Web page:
What Can We All Learn from Myer?

When Myer floated on the ASX back in 2009, the shares were valued at $4.10. It was judged at the time to be a very successful float. For TPG and Blum Capital (the private equity owners prior to the float) that is. Its current share price is around 90 cents and market capitalisation around $835 million. About a third of what it was floated for. Its sales have stagnated, its costs have risen and profit has gone ‘down, down’ to steal a phrase from its former stable-mate Coles.

Lesson number one in ‘new Myer’ is about realistic expectation setting and logical analysis of value. Neither of these was in evidence at the time of the float.

Since that time ‘new Myer’ has brought to the market a series of presentations ‘selling’ what it would do to right the ship, improve profit and increase shareholder value. None of these presentations led to successful executional outcomes.

Lesson number two in ‘new Myer’ is about actions speaking larger than words.

In recent weeks we have the seen a new presentation launching ‘new, New Myer’. The strategy and the thinking behind the latest presentation have been seemingly universally accepted as sound. And while some argue the target numbers are ambitious, lesson number two is the lesson that the market is acting on.

‘new, New Myer’ is banking on a capital expenditure program in excess of $600 million dollars to enable the shift to the re-shaped enterprise – not a long way short of its current market capitalisation.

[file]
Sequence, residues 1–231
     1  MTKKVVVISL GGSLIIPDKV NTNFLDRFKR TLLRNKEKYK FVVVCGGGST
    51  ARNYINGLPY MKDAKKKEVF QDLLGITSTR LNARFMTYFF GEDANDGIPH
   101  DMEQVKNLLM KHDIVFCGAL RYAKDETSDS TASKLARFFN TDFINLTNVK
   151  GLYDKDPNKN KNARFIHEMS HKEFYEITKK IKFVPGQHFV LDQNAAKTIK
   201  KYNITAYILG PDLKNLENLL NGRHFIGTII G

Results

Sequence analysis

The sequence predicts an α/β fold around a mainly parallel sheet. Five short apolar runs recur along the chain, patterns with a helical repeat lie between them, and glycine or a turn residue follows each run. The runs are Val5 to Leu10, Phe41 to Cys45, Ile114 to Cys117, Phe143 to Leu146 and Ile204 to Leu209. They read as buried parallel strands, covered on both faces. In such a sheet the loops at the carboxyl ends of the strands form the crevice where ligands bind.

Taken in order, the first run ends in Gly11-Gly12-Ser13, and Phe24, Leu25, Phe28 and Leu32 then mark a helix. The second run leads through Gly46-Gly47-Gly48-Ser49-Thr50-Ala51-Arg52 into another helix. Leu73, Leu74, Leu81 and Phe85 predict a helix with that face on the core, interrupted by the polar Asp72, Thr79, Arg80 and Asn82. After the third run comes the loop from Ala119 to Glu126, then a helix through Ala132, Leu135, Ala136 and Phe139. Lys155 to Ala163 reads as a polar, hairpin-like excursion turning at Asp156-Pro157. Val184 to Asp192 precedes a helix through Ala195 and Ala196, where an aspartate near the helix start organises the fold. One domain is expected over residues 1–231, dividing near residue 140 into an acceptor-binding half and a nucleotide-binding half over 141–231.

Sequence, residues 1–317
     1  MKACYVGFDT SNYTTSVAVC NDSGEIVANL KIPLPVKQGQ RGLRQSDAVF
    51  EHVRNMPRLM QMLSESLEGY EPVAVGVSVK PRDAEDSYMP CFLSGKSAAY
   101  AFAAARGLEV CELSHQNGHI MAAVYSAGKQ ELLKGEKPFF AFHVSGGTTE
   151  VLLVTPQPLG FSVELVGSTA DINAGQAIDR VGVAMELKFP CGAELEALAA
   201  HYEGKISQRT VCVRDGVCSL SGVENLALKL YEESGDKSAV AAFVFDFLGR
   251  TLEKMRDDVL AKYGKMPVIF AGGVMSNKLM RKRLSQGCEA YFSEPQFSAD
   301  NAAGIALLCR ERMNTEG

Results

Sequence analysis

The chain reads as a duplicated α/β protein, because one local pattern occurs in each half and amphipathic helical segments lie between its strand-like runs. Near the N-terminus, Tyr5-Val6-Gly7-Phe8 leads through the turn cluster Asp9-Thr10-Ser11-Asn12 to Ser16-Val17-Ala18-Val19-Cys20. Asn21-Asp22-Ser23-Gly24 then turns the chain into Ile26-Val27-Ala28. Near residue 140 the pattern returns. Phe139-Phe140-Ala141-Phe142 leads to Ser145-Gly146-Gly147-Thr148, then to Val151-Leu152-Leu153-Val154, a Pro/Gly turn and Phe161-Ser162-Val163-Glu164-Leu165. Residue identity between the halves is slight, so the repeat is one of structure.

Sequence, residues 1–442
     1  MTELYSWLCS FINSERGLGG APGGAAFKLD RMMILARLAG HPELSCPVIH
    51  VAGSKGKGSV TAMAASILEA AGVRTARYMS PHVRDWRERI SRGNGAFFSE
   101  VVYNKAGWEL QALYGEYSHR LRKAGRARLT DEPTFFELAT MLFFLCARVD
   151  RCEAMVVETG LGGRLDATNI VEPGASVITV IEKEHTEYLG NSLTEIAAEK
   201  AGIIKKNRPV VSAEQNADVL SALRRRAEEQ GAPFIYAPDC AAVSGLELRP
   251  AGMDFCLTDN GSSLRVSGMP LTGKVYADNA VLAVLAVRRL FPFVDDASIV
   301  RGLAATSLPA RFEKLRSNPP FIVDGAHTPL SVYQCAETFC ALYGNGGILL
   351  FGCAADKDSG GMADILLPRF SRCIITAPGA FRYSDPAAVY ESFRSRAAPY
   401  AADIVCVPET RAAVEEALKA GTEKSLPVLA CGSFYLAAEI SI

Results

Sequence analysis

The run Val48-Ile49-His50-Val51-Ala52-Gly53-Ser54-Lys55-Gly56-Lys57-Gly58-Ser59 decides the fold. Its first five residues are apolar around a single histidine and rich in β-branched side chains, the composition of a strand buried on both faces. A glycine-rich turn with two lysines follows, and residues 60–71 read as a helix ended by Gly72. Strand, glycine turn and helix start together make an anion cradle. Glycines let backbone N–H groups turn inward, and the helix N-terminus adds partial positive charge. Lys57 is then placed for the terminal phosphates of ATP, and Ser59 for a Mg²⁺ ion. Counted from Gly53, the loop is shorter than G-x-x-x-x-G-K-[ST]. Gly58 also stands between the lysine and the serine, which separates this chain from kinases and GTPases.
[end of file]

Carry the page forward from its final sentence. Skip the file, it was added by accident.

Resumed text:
Success is entirely dependent on implementation. An implementation that the Myer leadership team believes it can achieve within a five-year timeframe. This is not without precedence as the renaissance of both Selfridges and Bergdorf Goodman were both achieved within a five-year period.

For all retailers the lessons from Myer apply.

Increasingly ‘hype’ is a short-term strategy with negative longer-term outcomes that can often be catastrophic. Getting caught up in salesmanship of a story without backing it up with implementation can be even worse. Consumers vote with their wallets. Every day. It’s the thousand ways you touch the customer every day that leads to profit gain and that is all down to implementation creating customer value improvement which is sustainable.

Cut the hype. Build a realistic vision. Turn it into a plan you are sure you can implement in your business. Make sure you deliver. For all stakeholders.

In modern retail actions speak louder than words and profit is the only true measure of success.